Figure 8. Electrodes representation in standard space. The electrodes' distributions of patients included in the validation process on a standard MNI152 surface, green dots indicate contacts in white matter area; blue dots indicate contacts in gray matter area.
Validation of SEEG Electrodes Reconstruction
Given that the subdural ECoG electrodes can be manually corrected in the segmentation procedure and the projection method has been approved to be effective (Dykstra et al., 2012), we didn't provide further validation for ECoG electrodes segmentation in this study. For with SEEG electrodes, validation procedure was performed in four patients. We chose a total of 20 contacts (4,7,4,5 for each patient) among all patients, which was visibly located on the brain surface; first we measured the relative Euclidean distance between each pair of contacts both on the intraoperative picture (which we consider as a plane) and the reconstructed surface for each patient, then we calculated the correlation between the two distances and use this correlation coefficient as the measure of consistency between true electrode locations and our reconstructed locations. For each patient, the correlation of the chosen distance pair was 0.99, 0.97, 0.98, or 0.98 respectively; thereby one can be confidential about the accuracy of our reconstruction process.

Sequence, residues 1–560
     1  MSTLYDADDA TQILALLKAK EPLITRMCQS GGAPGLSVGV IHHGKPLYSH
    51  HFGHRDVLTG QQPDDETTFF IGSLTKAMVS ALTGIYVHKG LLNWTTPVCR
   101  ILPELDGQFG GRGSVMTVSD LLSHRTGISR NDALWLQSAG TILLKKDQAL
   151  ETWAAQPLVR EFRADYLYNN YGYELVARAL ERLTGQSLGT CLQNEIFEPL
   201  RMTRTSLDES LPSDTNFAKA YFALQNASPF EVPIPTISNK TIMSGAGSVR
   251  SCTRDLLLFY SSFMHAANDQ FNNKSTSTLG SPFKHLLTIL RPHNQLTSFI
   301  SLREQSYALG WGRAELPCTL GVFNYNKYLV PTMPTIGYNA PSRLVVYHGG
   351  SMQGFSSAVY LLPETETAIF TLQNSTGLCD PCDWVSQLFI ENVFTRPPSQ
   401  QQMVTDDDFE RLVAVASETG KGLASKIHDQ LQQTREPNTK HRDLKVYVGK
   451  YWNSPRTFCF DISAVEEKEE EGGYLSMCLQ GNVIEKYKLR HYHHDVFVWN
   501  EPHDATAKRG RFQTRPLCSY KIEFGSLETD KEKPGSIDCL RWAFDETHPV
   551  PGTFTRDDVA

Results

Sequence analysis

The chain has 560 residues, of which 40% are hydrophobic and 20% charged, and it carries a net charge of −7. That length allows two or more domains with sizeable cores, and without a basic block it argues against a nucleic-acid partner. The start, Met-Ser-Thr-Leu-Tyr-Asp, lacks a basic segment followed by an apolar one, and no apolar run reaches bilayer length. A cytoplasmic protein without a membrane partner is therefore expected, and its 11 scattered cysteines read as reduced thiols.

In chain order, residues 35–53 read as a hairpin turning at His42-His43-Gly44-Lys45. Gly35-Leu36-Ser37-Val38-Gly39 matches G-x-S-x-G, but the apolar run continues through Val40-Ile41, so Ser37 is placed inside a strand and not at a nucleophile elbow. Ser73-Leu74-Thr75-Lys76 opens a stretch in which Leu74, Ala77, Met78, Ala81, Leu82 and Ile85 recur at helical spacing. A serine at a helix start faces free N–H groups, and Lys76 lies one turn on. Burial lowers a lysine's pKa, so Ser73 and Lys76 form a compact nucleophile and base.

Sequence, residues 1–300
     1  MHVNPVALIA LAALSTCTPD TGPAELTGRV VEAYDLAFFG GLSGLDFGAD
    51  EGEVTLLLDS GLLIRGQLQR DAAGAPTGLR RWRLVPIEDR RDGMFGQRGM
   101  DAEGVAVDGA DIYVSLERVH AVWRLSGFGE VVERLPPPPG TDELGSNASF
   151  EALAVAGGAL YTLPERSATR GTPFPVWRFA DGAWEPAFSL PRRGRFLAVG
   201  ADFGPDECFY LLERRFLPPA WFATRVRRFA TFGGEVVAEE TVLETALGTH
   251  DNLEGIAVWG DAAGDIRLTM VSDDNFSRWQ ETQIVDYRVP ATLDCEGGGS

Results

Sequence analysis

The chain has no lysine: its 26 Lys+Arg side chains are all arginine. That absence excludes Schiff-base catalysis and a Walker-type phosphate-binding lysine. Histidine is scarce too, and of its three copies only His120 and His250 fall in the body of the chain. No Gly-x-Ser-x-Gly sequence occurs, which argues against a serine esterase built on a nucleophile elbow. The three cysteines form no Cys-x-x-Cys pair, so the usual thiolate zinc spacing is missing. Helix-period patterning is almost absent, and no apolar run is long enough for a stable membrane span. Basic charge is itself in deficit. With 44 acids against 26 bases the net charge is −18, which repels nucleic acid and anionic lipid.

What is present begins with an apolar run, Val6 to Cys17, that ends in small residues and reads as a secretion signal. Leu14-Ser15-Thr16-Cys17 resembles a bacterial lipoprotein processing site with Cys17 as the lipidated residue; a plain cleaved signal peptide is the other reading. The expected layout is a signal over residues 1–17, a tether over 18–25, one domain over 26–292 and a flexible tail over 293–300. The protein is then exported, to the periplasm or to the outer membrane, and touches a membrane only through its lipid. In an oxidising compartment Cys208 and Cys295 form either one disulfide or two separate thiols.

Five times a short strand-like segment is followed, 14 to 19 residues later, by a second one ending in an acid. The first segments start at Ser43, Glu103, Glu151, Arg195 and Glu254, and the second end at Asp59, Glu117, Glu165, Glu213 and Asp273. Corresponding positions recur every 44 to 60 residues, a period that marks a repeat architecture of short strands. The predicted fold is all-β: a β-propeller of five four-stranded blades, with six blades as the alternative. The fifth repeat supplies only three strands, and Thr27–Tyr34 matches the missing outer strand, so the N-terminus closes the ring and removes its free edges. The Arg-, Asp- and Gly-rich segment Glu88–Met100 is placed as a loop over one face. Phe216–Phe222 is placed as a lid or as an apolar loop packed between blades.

The accurate localization and parcellation of intracranial electrodes are crucial issues for medical diagnosis and scientific research. Several techniques are available for the localization of subdural or depth electrodes. In this study we proposed an integrated framework for anatomical and functional localization of intracranial electrodes by developing semi-automatic segmentation methods for ECoG and SEEG electrodes. In this study, the segmentation methods used commonly available preoperative T1 and post-operative CT as source images. After coregistering the CT with T1, we were able to locate and parcellate intracranial electrodes with minimal manual interventions. To achieve more accurate localization of the implanted electrodes, our methods utilized the advantages that have been proposed in previous studies including the center of mass calibration (Arnulfo et al., 2015) and surface projection (Dykstra et al., 2012). The cubic line-fitting algorithm was the first time introduced to solve the common problem of bending electrodes occurring for depth electrodes. Moreover, the estimation error of the localized electrodes in SEEG was less than or comparable with previous methods using a similar procedure (Hermes et al., 2010).
Usually tracking the locations of intracranial electrodes was time consuming and labeling each contact to a cortical region with high precision was also difficult. In this study we completed and integrated many useful functions in a single toolbox. Notably, this tool automated the whole processes mentioned above as much as possible to save human resources. Transformation of native space to the MNI standard space and the following cortical label provided us a convenient way to combine multiple patients and study the potential relationship between electrophysiology- and fMRI-based functional brain networks.